The cabbage is a member of the Brassicaceae family of plants, which contains other cruciferous vegetables like cauliflower and radishes. Cabbage, as it is cultivated today, was derived from a leafy wild mustard plant native to the Mediterranean region. Throughout its history, it has also been referred to as sea cabbage and wild cabbage with the ancient Greeks and Romans praising the plant for its medicinal properties.
Cabbage is an excellent source of vitamin C and it also contains significant amounts of glutamine, which is an amino acid that has anti-inflammatory properties. When cabbage is boiled and cooked with other meats and vegetables, it is a great source of dietary fiber. It also contains a certain chemical that is used to treat and prevent certain respiratory diseases. Some folk medicines apply cabbage leaves directly to injuries to reduce swelling, first applying a cabbage paste and then wrapping the area with a leaf.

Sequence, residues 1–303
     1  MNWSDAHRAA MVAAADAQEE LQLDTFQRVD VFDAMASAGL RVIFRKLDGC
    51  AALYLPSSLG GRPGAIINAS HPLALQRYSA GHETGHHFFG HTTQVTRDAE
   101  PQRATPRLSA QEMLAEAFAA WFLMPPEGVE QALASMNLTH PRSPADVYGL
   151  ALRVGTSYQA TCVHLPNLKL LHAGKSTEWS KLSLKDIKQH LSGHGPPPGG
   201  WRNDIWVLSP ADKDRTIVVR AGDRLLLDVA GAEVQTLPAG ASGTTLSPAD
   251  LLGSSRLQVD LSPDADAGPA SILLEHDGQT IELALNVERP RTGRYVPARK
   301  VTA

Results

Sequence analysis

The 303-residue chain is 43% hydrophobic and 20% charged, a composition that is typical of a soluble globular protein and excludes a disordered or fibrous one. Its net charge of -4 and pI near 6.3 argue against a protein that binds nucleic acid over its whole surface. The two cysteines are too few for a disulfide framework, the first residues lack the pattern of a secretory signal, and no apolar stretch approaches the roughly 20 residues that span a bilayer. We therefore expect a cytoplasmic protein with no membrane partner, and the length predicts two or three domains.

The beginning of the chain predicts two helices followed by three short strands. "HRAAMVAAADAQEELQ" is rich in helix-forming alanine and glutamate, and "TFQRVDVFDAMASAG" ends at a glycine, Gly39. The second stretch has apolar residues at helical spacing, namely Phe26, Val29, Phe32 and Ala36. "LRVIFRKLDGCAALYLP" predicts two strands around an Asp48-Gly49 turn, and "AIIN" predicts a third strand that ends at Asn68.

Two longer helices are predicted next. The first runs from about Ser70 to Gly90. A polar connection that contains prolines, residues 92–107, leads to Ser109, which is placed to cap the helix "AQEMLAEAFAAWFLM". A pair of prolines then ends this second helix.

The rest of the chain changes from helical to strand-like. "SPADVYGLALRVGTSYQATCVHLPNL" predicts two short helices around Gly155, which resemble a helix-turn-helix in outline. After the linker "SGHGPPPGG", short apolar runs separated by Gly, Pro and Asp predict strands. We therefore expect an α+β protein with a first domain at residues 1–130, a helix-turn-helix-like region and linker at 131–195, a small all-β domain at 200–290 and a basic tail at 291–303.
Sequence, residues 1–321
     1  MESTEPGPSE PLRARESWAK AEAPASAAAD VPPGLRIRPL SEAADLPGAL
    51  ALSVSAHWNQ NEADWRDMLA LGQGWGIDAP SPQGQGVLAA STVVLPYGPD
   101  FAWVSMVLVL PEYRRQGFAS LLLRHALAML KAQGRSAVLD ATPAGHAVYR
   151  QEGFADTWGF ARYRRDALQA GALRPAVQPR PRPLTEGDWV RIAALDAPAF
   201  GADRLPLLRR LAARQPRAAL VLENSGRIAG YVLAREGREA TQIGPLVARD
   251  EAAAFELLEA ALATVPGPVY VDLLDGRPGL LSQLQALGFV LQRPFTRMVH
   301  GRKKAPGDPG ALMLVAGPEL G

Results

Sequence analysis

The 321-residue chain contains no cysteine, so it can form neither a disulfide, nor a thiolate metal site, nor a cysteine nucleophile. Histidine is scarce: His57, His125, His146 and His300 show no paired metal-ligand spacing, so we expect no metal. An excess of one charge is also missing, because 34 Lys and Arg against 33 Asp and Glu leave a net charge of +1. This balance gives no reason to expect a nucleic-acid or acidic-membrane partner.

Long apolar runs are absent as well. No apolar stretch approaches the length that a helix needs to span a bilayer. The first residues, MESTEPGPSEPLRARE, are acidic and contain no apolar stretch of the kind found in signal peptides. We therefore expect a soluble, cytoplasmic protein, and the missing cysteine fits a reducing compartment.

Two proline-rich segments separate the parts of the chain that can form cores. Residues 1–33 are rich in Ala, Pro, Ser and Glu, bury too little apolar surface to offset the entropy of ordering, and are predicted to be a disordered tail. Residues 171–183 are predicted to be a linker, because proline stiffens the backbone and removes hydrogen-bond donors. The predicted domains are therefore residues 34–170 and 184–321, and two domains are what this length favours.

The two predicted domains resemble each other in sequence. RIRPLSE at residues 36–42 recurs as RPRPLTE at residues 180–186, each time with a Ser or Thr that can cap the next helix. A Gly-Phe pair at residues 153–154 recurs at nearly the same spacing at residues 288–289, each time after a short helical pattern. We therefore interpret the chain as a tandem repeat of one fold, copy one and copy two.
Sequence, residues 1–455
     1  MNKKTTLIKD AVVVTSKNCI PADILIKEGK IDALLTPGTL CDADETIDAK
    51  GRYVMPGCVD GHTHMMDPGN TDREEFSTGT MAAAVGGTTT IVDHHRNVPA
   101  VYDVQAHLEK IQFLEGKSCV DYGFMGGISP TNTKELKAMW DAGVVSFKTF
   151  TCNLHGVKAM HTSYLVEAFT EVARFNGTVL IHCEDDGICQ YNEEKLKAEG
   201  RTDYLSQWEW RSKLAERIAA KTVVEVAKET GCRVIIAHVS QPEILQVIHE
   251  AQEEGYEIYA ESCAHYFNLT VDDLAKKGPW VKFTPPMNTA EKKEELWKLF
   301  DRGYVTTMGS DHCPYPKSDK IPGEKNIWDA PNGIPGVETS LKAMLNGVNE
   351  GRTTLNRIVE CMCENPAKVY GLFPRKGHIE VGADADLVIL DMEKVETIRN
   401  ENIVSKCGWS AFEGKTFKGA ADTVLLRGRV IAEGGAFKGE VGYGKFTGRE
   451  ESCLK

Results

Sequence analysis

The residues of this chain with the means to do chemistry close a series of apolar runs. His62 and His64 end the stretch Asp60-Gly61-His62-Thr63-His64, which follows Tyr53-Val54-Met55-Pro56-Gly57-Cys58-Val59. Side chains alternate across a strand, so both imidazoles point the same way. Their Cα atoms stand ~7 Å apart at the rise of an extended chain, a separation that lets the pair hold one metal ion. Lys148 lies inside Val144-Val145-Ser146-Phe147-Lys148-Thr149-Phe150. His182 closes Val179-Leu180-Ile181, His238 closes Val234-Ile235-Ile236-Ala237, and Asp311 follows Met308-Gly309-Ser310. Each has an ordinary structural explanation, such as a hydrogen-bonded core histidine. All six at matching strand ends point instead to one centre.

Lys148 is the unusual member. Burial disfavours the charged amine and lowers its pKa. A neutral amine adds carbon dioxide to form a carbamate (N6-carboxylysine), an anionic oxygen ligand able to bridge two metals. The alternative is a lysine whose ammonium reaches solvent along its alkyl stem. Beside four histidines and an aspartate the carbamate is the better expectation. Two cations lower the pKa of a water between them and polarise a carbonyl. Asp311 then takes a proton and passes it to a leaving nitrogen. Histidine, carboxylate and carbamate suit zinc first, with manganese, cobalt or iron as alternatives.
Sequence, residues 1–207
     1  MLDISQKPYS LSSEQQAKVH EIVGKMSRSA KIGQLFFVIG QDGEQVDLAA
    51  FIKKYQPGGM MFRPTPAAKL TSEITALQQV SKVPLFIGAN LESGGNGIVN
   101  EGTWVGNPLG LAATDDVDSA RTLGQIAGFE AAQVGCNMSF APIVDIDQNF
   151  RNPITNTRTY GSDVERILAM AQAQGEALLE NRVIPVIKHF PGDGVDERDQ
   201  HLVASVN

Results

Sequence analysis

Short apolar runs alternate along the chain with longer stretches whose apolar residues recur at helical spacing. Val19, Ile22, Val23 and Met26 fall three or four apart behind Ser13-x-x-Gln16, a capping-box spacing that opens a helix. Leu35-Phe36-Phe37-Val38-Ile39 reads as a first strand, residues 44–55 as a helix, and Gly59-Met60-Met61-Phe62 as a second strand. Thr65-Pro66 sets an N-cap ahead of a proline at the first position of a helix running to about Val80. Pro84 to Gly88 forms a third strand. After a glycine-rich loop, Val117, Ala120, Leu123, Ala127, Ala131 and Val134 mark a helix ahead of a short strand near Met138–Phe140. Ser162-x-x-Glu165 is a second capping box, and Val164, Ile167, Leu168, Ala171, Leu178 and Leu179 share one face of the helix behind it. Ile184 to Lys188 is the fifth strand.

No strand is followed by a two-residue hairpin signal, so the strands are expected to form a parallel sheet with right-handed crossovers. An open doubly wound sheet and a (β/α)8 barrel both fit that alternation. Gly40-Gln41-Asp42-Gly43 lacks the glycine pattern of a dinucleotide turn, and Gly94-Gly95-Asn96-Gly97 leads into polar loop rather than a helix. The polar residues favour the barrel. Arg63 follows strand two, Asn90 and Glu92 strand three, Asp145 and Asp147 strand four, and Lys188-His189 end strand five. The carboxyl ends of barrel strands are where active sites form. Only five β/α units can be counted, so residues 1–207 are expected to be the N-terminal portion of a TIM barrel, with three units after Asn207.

Many societies throughout time have eaten cabbage as a staple crop. The plant consists of a spherical cluster of leaves circling out from the core, and these immature leaves are the only part of the head that is eaten. Cabbage can be consumed raw, cooked or preserved in a variety of dishes.
Raw cabbage is sliced into thin strips and used in a salad or coleslaw. It can also be used in pico de gallo as well as in sandwiches as a replacement for iceberg lettuce. Cooked cabbage is primarily found in soups and stews, popular throughout central and eastern Europe. Although boiled cabbage has taken on a bad reputation in North America because of its odor, it is enjoyed all over the world.
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